Moving your connection strings to global.asa may seem like a good idea at first, but consider the fact that most hackers are very likely to look here first for critical application information. There are known loopholes that allow hackers access to global.asa, just as there are security issues that allow them to view your ASP code. Include files aren't much better, since hackers can usually view these just as any other ASP file on your site.
Don't think you've done enough to prevent this either. I am generally very thorough about security, but I was very alarmed one day when I received an anonymous e-mail from someone handing me a scrap of code from my site that contained the Administrator password for my entire domain! Fortunately for me, it was a password I had long since changed. (One wonders how my code functioned without it, though.)
This just illustrates my point; even if you are diligent now,
there's no guarantee that your server has always been
protected, particularly if you are sharing it with
SQL databases are not the only thing that is susceptible to this kind of attack either. The administrator account I mentioned above was being used to access an LDAP directory. Many applications and frameworks that tie into ASP will require secured access. This is to prevent anonymous web users from accessing the API directly. But in so doing, they also expose us to the serious threat of compromising our security credentials. These can be SQL Server or other database accounts, LDAP directory accounts, or even privileged Windows user accounts. Literally, anything that needs this kind of protection can be at risk in this way.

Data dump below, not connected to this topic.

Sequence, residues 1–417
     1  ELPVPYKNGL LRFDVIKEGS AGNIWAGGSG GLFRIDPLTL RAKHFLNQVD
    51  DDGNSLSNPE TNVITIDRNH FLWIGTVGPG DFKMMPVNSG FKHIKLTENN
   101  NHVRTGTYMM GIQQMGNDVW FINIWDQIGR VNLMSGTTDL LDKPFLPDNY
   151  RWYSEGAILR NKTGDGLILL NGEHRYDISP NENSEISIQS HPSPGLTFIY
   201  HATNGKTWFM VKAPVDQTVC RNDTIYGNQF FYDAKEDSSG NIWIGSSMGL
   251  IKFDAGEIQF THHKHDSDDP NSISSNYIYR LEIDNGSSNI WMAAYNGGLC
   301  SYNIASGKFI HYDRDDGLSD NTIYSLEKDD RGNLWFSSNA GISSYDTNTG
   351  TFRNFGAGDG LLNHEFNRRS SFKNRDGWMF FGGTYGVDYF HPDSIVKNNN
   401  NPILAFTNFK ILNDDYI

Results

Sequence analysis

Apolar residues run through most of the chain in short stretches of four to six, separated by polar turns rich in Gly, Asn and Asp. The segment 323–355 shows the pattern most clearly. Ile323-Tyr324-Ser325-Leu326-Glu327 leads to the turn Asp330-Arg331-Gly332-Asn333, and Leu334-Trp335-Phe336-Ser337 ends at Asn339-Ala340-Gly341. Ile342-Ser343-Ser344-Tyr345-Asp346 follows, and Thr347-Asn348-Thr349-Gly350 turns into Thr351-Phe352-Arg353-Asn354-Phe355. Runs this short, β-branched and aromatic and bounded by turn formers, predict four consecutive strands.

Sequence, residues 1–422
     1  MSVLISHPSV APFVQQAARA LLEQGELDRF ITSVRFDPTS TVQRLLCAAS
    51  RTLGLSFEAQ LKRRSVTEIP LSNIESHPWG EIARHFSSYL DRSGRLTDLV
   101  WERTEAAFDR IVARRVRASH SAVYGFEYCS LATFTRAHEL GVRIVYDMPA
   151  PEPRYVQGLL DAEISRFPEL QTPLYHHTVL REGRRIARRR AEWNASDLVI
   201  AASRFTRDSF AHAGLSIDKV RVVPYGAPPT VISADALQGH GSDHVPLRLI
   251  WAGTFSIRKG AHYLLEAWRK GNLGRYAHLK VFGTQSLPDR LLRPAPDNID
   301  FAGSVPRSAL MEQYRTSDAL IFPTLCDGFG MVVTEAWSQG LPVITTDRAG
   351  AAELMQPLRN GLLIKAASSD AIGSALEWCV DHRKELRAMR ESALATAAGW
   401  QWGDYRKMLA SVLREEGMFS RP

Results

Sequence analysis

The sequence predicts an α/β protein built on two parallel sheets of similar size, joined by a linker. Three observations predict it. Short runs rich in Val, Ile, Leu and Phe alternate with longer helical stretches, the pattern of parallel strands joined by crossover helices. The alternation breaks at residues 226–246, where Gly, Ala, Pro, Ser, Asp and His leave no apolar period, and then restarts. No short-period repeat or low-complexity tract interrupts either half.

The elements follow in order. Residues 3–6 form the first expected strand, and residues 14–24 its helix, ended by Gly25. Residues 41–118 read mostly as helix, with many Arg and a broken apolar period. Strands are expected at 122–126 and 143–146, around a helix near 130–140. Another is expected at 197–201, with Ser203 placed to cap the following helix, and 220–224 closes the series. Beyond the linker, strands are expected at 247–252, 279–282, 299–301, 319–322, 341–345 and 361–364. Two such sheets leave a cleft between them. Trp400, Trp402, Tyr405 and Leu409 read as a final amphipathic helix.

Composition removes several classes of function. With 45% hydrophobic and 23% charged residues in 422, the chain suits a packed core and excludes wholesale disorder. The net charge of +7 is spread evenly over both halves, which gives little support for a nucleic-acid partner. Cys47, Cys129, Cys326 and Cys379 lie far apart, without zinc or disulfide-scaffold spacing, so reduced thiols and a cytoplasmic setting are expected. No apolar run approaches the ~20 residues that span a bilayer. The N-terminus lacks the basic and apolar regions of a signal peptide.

So, what's a responsible programmer to do? Robert Howard, author of Site Server 3.0 Personalization and Membership (available from Wrox Press) recommends storing this critical information in the registry. There's only one problem. While Site Server and other high-end systems built on ASP often include a means of accessing the registry, Microsoft has, some would say thoughtfully, not included a standardized means of manipulating the registry from ASP. To his credit, Robert also briefly mentions the alternative we will illustrate today, even calling it preferable to using the registry. That alternative is to store our access codes in the IIS metabase.